1. Generic medicines

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When chemical medicines are first developed and approved, they are sold by a pharmaceutical company under a brand name. Once the protection for a product expires, e.g. patent or regulatory protection, the company no longer has exclusive rights to sell the medicine, and other companies can then manufacture and sell a comparable medicine with the same active ingredient; this new version is often referred to as a ‘generic’.

While two medicines, the original and the generic, will have different brand names and packaging, they will have the same active ingredients and, effectively, can be considered to be the same medicine. This could cause some confusion if it were not for the generic name of the active ingredient, which is shared by all brands of the medicine. This is common for pain medications, for which active ingredients, such as paracetamol, acetylsalicylic acid and ibuprofen, are used as the basis for many of the painkillers that can be bought in pharmacies.

Notably, approved generic medicines are regulated in the same way as the original medicines, and manufacturing facilities and conditions must equally be of a very high standard. The generic medicine is tested to ensure that it has the same properties as the original, bioequivalence has to be shown. This means that the generic medicine is absorbed in the body to the same extent and at the same speed as the original. However, the sometimes lengthy and costly steps of clinical trials to show efficacy and safety do not have to be repeated. Following the approval of a generic medicine, the company producing it must commit to collecting and reporting additional safety data.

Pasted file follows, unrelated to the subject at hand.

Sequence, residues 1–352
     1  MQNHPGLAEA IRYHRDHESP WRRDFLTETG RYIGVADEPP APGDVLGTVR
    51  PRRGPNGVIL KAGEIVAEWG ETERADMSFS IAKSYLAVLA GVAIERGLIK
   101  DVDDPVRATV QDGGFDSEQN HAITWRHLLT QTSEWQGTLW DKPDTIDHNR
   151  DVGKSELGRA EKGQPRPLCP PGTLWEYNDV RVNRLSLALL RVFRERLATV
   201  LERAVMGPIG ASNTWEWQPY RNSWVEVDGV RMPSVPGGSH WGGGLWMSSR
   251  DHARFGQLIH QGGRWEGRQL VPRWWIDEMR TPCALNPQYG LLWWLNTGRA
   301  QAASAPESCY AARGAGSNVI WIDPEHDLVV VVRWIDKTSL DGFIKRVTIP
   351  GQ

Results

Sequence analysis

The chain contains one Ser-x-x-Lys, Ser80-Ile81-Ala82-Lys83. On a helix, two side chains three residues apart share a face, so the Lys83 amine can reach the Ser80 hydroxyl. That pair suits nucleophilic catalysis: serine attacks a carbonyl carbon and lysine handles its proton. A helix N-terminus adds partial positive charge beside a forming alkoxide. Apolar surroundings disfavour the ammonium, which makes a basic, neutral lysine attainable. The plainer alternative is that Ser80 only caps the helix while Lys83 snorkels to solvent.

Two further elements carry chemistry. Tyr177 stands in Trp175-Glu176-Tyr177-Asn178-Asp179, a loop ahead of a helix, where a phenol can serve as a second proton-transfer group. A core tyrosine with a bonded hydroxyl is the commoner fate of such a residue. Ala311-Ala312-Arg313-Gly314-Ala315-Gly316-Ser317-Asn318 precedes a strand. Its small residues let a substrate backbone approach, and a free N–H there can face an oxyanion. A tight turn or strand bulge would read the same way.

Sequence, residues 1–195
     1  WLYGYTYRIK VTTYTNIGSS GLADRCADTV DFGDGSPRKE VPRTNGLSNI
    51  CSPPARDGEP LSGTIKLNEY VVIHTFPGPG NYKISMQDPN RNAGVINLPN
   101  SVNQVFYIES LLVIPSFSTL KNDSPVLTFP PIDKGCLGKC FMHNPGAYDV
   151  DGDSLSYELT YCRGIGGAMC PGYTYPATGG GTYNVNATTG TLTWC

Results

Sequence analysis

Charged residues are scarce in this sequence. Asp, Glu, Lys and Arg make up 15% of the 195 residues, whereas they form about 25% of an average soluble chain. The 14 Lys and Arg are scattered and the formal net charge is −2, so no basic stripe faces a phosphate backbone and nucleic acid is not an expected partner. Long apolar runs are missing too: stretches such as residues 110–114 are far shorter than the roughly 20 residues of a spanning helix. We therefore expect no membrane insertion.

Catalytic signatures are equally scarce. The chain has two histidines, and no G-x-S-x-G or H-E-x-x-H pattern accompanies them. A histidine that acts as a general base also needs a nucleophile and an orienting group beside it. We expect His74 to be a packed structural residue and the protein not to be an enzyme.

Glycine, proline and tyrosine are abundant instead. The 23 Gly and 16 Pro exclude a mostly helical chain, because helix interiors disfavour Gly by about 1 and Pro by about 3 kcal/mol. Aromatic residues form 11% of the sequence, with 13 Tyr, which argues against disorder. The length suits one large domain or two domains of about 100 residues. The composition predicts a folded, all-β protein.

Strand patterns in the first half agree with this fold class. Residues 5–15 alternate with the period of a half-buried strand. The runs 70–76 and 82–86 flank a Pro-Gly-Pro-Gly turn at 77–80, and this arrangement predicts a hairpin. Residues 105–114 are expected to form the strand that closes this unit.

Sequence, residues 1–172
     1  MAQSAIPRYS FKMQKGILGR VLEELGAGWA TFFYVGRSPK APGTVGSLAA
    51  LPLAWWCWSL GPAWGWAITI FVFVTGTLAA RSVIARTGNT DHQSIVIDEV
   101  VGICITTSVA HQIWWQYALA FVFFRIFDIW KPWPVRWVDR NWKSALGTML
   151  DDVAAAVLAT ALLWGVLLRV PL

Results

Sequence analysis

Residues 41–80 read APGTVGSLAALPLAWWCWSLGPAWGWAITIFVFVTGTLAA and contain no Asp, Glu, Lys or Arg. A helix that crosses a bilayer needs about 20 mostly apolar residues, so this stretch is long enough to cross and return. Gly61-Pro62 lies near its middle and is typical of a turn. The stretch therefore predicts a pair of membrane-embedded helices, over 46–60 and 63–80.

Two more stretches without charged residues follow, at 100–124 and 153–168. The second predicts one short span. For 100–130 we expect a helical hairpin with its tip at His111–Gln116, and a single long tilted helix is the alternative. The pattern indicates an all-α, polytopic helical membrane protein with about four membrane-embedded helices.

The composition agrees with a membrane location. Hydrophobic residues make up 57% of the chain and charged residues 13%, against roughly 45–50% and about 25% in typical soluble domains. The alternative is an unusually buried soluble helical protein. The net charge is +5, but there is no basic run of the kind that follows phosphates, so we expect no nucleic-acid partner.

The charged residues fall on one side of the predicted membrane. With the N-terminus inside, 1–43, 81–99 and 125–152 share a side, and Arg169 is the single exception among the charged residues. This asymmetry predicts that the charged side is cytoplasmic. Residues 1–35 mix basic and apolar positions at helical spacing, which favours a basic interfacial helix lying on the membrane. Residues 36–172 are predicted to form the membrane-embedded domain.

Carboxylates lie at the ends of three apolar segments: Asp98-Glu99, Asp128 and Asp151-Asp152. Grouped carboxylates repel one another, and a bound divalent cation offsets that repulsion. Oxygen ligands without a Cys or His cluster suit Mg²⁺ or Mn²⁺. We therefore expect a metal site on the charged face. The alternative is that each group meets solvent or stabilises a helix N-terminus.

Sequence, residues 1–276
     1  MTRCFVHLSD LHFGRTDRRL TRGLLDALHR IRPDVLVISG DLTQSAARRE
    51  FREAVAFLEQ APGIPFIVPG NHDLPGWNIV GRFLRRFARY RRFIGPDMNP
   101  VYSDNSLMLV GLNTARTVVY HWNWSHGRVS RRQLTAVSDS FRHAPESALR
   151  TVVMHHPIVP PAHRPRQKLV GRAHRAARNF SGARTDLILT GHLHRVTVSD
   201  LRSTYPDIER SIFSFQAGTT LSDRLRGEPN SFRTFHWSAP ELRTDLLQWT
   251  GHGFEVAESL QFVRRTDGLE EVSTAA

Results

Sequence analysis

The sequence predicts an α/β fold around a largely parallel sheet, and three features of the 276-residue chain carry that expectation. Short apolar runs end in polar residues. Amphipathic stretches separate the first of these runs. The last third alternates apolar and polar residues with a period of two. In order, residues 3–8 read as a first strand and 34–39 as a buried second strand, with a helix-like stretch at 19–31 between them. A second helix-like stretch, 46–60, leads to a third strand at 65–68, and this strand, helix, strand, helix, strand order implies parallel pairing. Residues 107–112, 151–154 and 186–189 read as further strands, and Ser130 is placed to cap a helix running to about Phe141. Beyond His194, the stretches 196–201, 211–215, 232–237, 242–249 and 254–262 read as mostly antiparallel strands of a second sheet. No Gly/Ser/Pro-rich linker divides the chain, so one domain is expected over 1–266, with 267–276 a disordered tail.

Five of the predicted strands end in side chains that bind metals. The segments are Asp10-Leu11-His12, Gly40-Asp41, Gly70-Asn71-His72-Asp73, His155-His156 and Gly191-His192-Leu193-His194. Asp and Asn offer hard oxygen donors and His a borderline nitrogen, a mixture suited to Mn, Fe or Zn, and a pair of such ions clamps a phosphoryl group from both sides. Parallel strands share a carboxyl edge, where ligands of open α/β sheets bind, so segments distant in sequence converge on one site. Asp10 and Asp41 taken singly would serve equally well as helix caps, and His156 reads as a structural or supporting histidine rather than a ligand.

Chemical medicines are less complex than biologic medicines and are therefore relatively inexpensive to manufacture. The key advantage for a generic medicine over the original is cost, with generics generally being cheaper than originals, and they are therefore preferred by many doctors and hospitals.